Yet with all its privileges, the Postal Service is struggling, while UPS and FedEx flourish. Why? Because they have something invaluable that the post office lacks: Competitors.

… What is killing the post office is the lack of genuine, head-to-head competition that forces vendors to compete for customers by pushing quality up and holding prices down. Only in a government-sheltered monopoly like the Postal Service would labor costs remain as bloated as they have, year in and year out.

Jacoby may be right in that it’s time to allow unfettered competition between the Post Office and its private-sector peers. But typical of the Cult of Capitalism, gross oversimplification of the issue brings him to the conclusion from the opposite direction.

The problem isn’t that the Postal Service doesn’t have competition; it does – and plenty of it. The problem is that the Postal Service is being forced to compete with its hands bound. But to untie its hands and let it really fight would bring members of the Cult to a shocking reality: the only thing that will allow overnight delivery of a first-class letter for anything close to 44 cents is a government subsidy. The free market won’t touch it.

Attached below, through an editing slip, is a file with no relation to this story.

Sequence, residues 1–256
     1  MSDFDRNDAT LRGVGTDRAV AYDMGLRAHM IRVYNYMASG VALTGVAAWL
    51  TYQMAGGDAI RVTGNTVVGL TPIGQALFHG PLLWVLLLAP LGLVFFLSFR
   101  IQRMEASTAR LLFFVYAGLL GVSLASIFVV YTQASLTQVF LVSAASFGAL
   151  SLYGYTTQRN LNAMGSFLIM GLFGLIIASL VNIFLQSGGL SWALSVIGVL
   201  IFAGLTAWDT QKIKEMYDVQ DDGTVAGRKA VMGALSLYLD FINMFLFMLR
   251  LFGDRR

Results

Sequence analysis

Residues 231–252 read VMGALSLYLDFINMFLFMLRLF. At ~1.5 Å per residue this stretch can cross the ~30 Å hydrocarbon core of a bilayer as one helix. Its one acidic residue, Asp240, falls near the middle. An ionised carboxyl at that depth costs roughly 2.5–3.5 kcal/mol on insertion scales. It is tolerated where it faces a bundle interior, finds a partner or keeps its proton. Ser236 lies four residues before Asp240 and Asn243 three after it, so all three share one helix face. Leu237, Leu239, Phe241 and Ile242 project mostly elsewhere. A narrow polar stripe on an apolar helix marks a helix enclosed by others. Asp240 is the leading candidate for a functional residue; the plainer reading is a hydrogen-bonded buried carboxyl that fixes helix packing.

The Cult of Capitalism will always trot out selected facts to defend its position, and Jacoby’s chosen fact is a comparison of labor costs:

In the 1960s, a stunning 83 percent of the agency’s total budget went to wages and benefits. Three decades later, after billions of dollars had been spent on automation, labor costs still accounted for 82 percent of the budget. And in 2011? “Decades of contractual promises made to unionized workers, including no-layoff clauses, are increasing the post office’s costs,’’ The New York Times recently reported . “Labor represents 80 percent of the agency’s expenses, compared with 53 percent at United Parcel Service and 32 percent at FedEx, its two biggest private competitors.’’

Perhaps the Postal Service has a cost-of-labor issue, but using FedEx and UPS as benchmarks is is not as straight-forward a comparison as he’d have us believe. That’s because FedEx and UPS do vastly different work, even if they look similar at a superficial level. In addition to express delivery, FedEx runs three other businesses – all of which require less labor than doorstep delivery: truckload freight, less-than-truckload freight, and supply chain services.

The Postal Service isn’t allowed to branch out into such work.

At UPS, domestic package service – most comparable to what the Post Office does – accounts for just 60% of annual revenue. The rest comes from other businesses that require fewer workers.